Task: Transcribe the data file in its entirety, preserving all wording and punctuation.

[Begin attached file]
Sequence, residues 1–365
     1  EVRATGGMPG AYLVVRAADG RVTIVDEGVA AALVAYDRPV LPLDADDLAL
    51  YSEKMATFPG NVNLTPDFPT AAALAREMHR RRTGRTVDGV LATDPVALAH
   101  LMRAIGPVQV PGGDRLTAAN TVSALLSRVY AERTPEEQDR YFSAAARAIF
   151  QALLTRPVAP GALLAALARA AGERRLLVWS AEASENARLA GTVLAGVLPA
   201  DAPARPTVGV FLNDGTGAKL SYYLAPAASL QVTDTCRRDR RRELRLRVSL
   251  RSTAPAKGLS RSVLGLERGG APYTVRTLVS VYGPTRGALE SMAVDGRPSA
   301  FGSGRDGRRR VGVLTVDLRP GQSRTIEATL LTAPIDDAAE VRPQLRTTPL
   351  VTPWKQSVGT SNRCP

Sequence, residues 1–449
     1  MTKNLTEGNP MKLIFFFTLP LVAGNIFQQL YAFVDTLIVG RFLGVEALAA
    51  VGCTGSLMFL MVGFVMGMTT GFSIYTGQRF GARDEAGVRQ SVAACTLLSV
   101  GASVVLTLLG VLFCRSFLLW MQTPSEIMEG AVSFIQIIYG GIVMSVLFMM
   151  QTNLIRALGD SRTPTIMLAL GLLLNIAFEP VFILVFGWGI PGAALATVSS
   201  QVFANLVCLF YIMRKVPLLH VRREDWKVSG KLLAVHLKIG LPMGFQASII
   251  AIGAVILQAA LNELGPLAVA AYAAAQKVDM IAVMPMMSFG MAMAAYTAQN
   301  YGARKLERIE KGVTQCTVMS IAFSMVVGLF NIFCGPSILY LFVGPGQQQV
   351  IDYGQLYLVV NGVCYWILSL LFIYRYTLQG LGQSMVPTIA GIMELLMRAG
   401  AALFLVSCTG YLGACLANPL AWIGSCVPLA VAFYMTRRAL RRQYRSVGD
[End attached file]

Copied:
Sequence, residues 1–365
     1  EVRATGGMPG AYLVVRAADG RVTIVDEGVA AALVAYDRPV LPLDADDLAL
    51  YSEKMATFPG NVNLTPDFPT AAALAREMHR RRTGRTVDGV LATDPVALAH
   101  LMRAIGPVQV PGGDRLTAAN TVSALLSRVY AERTPEEQDR YFSAAARAIF
   151  QALLTRPVAP GALLAALARA AGERRLLVWS AEASENARLA GTVLAGVLPA
   201  DAPARPTVGV FLNDGTGAKL SYYLAPAASL QVTDTCRRDR RRELRLRVSL
   251  RSTAPAKGLS RSVLGLERGG APYTVRTLVS VYGPTRGALE SMAVDGRPSA
   301  FGSGRDGRRR VGVLTVDLRP GQSRTIEATL LTAPIDDAAE VRPQLRTTPL
   351  VTPWKQSVGT SNRCP

Sequence, residues 1–449
     1  MTKNLTEGNP MKLIFFFTLP LVAGNIFQQL YAFVDTLIVG RFLGVEALAA
    51  VGCTGSLMFL MVGFVMGMTT GFSIYTGQRF GARDEAGVRQ SVAACTLLSV
   101  GASVVLTLLG VLFCRSFLLW MQTPSEIMEG AVSFIQIIYG GIVMSVLFMM
   151  QTNLIRALGD SRTPTIMLAL GLLLNIAFEP VFILVFGWGI PGAALATVSS
   201  QVFANLVCLF YIMRKVPLLH VRREDWKVSG KLLAVHLKIG LPMGFQASII
   251  AIGAVILQAA LNELGPLAVA AYAAAQKVDM IAVMPMMSFG MAMAAYTAQN
   301  YGARKLERIE KGVTQCTVMS IAFSMVVGLF NIFCGPSILY LFVGPGQQQV
   351  IDYGQLYLVV NGVCYWILSL LFIYRYTLQG LGQSMVPTIA GIMELLMRAG
   401  AALFLVSCTG YLGACLANPL AWIGSCVPLA VAFYMTRRAL RRQYRSVGD